Judge Jones' decision

From: Ted Davis <tdavis@messiah.edu>
Date: Tue Dec 20 2005 - 14:33:00 EST

Judge Jones' decision in the Dover case is available here:

I am finishing an essay about it for the magazine, Religion in the News.
The following is my summary response. It goes without saying, this is only
my opinion and reasonable people might reasonably differ with me! Because
of my crazy schedule this week, I regret that I probably won't be able to
respond to any comments sent my way, but I will be sure to read them at some
point; they will not be ignored.


"The judge's decision is very understandable. Given the situation in
Dover, he really had no choice but to rule that the school board tried to
inject a reference to intelligent design for religious reasons, that they
had no clear secular purpose for doing so. ID is not creationism, but in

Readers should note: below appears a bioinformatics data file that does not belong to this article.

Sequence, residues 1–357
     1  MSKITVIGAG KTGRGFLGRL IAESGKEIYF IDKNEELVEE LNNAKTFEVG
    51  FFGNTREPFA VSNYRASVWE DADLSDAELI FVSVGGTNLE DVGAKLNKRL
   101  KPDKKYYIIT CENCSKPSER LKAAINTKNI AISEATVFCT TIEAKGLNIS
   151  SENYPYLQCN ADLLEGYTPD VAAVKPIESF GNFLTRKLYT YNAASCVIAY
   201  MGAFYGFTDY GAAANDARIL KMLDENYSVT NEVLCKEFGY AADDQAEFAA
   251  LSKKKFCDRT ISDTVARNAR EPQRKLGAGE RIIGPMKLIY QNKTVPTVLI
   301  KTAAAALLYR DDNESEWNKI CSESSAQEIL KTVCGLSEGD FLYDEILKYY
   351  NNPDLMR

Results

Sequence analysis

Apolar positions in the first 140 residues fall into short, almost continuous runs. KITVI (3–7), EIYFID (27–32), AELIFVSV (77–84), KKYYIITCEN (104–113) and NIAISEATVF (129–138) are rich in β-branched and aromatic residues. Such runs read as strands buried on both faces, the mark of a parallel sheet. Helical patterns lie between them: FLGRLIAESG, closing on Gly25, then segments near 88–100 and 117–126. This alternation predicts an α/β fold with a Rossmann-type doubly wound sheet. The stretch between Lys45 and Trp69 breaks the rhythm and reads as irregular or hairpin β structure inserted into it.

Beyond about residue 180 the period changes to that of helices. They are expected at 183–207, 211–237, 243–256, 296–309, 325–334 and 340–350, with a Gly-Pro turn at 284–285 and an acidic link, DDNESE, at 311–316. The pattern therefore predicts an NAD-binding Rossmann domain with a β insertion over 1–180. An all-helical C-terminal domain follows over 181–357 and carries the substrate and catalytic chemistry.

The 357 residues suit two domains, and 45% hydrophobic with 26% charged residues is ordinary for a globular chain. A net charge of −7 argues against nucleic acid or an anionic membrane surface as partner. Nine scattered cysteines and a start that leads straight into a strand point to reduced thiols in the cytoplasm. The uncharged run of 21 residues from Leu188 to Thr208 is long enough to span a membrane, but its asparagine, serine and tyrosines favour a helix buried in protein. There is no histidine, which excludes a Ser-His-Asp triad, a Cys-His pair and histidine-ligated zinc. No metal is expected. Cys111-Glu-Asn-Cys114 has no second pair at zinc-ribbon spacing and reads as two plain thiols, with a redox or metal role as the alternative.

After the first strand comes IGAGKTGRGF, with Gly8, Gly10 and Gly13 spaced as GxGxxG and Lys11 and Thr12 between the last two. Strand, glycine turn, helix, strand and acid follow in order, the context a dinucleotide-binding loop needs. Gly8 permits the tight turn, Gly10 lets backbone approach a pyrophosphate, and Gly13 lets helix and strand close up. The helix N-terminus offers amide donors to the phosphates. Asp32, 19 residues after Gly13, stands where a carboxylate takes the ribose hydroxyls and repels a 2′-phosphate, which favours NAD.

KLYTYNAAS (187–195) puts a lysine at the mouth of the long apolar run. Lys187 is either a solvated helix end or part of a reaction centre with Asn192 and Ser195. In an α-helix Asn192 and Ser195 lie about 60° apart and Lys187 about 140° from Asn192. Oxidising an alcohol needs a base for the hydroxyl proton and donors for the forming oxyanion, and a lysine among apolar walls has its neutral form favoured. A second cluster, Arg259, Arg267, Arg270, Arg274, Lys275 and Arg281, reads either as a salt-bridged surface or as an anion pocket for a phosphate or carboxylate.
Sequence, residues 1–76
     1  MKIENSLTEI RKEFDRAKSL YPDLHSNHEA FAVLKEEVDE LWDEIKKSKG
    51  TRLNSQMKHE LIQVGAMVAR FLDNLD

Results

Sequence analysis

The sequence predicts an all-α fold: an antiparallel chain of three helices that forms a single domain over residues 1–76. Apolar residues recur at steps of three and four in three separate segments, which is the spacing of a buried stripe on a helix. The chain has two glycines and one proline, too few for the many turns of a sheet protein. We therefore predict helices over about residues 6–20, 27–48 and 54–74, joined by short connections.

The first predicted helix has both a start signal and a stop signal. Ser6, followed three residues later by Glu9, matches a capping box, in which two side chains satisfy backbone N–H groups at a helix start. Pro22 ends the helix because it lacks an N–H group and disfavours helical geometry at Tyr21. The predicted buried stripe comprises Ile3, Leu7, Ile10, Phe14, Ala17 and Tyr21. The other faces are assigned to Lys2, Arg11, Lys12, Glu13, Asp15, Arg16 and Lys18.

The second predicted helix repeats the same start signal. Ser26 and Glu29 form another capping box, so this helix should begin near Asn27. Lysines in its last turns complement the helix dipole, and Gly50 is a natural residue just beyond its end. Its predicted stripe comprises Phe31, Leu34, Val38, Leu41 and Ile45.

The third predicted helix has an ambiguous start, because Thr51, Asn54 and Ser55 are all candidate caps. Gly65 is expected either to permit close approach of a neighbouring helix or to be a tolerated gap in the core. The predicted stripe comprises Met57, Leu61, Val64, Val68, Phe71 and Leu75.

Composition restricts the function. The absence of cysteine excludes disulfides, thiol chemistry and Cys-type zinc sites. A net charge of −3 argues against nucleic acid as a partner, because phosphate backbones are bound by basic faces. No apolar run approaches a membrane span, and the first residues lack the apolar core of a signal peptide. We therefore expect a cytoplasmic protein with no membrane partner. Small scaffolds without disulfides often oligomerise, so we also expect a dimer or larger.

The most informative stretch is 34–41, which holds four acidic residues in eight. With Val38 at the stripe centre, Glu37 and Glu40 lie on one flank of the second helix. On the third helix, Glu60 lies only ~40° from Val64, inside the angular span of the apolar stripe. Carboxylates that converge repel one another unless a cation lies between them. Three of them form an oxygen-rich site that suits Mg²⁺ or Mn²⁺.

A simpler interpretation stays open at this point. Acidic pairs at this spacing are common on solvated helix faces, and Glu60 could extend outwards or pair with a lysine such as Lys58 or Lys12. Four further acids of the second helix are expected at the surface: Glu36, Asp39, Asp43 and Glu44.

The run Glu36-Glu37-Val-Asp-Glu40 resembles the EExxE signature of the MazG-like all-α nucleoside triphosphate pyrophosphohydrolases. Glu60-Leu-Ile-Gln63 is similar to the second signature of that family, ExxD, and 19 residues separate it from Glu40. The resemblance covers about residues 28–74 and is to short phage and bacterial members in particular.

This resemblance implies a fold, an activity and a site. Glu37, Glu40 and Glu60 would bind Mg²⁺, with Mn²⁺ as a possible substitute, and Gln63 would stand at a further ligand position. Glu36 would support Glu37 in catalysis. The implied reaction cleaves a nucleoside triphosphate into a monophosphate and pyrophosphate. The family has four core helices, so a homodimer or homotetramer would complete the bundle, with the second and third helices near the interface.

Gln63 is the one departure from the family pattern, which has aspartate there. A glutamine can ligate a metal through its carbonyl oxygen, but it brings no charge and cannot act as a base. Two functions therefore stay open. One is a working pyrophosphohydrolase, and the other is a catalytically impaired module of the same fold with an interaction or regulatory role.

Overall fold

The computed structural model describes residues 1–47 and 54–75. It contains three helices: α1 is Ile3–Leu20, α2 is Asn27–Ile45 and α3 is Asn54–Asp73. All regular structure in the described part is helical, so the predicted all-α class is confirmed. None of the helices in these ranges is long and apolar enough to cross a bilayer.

this situation it was just too hard to tell. "The evidence at trial
demonstrates that ID is nothing less than the progeny of creationism," the
Judge wrote, and I can't blame him. The judge ruled that "it is
unconstitutional to teach ID as an alternative to evolution in a public
school science classroom." Perhaps this leaves open the possibility that
a science teacher might still be allowed to discuss aspects of ID. If not,
this would be unfortunate, because the decision overlooks the fact that
there is a small but growing refereed professional literature about
intelligent design in the philosophy of science. Pennsylvania science
standards call for teachers to discuss the nature of science, which is a
reference to philosophy of science. The line between philosophy of science
and science itself is not sharp, and historically traffic has flowed in both
directions. A science teacher could in my opinion have a legitimate secular
purpose in discussing various philosophical objections to aspects of
evolution that have been raised by scientists in the 146 years since
Darwin's book was published: the general education of a science student is
well served when such topics are introduced. I cannot criticize the judge
for overlooking this, however, since the defense did not make this argument.
 They kept insisting that ID is science, not philosophy of science, despite
the paucity of scientific literature favoring ID."
Received on Tue Dec 20 14:33:22 2005

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